Super-secret spy court raises alarm over feds' snooping
Itâ€™s a mysterious court that hides behind a hulking vaulted door and impenetrable concrete walls â€“ and itâ€™s where the federal government makes some of its most secretive decisions concerning Americansâ€™ basic liberties.
If you dare ask where the secret court is located, employees at the E. Barrett Prettyman Federal Courthouse in Washington, D.C. â€“ where the court reportedly relocated in 2009 â€“ wonâ€™t tell you.
Thatâ€™s because the super-secret court is far beyond the reach of any journalist or curious American citizen....
Deliberate propaganda: Presenting bias with the intention of benefiting the media establishment. Institutional bias: The reporters and editors of a media organization may hold political views, which influence their reporting. Reporting on the Vietnam war has been cited as a notable example of such. Sensationalism: Media depends on viewership for financial support from advertisers. Thus stories that have little political value but much entertainment value may receive attention disproportionate to their impact. Scare stories are also an example of sensationalism. Omission: The inverse of sensationalism, media may overlook important but boring stories. Political correctness or sensitivity: Fearful of appearing racist or discriminatory, media may avoid any stories which reflect negatively on an ethnic, social or religious group, especially if the group is a minority. Confirmation bias: a type of selective thinking whereby people tend to report what confirms their beliefs, and to ignore, or undervalue what contradicts their beliefs. Audience bias: Readers or viewers tend to read news sources with which they agree. Thus, media must reinforce the existing views of their audience, or risk losing them. This source of bias can also reinforce the effect of a moral panic. Cont.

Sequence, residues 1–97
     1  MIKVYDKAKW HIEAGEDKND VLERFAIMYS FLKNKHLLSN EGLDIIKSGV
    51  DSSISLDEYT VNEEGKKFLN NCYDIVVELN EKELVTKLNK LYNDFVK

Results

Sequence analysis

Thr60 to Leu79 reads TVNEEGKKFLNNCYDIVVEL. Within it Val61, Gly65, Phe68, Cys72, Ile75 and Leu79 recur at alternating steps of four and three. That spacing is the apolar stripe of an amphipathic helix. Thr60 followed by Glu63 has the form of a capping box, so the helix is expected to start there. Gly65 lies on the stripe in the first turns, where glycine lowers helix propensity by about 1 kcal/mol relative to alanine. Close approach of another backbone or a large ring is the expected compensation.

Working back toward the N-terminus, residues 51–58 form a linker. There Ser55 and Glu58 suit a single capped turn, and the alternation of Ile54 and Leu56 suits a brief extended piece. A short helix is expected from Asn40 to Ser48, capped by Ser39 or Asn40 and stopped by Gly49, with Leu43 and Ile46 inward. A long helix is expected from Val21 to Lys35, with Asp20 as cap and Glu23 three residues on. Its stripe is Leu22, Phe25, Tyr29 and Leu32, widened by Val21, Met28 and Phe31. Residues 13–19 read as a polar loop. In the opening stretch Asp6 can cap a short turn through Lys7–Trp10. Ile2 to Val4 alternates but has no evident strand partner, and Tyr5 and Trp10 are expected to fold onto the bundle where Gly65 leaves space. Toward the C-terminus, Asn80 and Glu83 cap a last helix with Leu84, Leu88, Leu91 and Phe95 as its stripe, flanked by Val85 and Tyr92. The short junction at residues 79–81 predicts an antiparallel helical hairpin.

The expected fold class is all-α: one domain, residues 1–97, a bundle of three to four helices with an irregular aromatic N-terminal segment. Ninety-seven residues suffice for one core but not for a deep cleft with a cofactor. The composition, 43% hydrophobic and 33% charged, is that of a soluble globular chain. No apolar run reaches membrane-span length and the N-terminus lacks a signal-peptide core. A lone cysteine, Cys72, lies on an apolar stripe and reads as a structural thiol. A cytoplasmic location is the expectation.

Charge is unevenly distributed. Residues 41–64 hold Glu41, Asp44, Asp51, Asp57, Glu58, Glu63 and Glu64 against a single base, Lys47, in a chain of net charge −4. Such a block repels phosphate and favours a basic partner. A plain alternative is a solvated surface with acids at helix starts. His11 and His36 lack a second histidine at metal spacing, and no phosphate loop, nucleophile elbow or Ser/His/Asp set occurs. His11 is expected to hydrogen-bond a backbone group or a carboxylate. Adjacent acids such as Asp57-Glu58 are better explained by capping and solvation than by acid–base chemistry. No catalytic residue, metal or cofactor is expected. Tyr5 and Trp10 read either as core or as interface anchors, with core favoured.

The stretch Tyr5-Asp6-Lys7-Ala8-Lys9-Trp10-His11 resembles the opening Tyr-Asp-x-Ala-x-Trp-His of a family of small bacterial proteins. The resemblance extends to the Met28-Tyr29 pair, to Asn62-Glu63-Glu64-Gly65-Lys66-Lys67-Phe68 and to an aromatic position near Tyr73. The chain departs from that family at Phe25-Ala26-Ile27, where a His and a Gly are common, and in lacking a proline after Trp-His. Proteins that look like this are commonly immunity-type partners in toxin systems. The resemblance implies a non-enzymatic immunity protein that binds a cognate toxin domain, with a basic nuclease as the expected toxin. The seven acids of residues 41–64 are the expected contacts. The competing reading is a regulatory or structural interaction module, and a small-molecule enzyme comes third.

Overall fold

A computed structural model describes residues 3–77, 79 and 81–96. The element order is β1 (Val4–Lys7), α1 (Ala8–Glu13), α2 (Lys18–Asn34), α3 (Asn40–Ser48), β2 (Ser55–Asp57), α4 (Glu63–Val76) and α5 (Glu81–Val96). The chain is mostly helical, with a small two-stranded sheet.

IFLA has made this infographic with eight simple steps (based on FactCheck.orgâ€™s 2016 article [URL=http://tinyurl.com/y8p9rqqe]]]How to Spot Fake News[/URL] http://tinyurl.com/y8p9rqqe ) to discover the verifiability of a given news-piece in front of you. Download, print, translate, and share â€“ at home, at your library, in your local community, and on social media networks. The more we crowdsource our wisdom, the wiser the world becomes.[/QUOTE]---[URL=http://tinyurl.com/y7mesaw6]]] http://tinyurl.com/y7mesaw6 (How To Spot Fake News)[/URL]
[URL=https://mediabiasfactcheck.com/world-net-daily-wnd/]]]http://tinyurl.com/y9x4vssr (World Net Daily (WND) --Factual Reporting: MIXED)[/URL]
WND most common offense is [URL=http://tinyurl.com/ydbwm3v7]]]http://tinyurl.com/ydbwm3v7 (sensationalism)[/URL]
Media bias is advocacy journalism gone wild, where one-sided arguments masquerade as objective reporting. It "is rarely expressed through distortion of the facts, but rather through the omission of certain facts that would be inconvenient for the outlook of the person or group reporting." A good example is Paul Krugman's claim, in his New York Times opinion piece, that "Everyone knows that the American right has problems with science that yields conclusions it doesnâ€™t like." This statement completely ignores the much worse "problems" the American left has with science, such as the climate science which refutes the junk science used by liberals to prop up their global warming theory and their "solution" to the "crisis" (see Kyoto Protocol, etc.), as well as the scientific facts that there are only two genders, that life begins at conception, among other facts.
It manifests distortion of news, commentary, non-fiction articles, textbooks, documentaries, speech codes and the like to favor one side's ideas over another's . Dictatorships and other authoritarian regimes which suppress freedom of the press are notorious for their media bias, particularly when all media are controlled directly by a one-party government.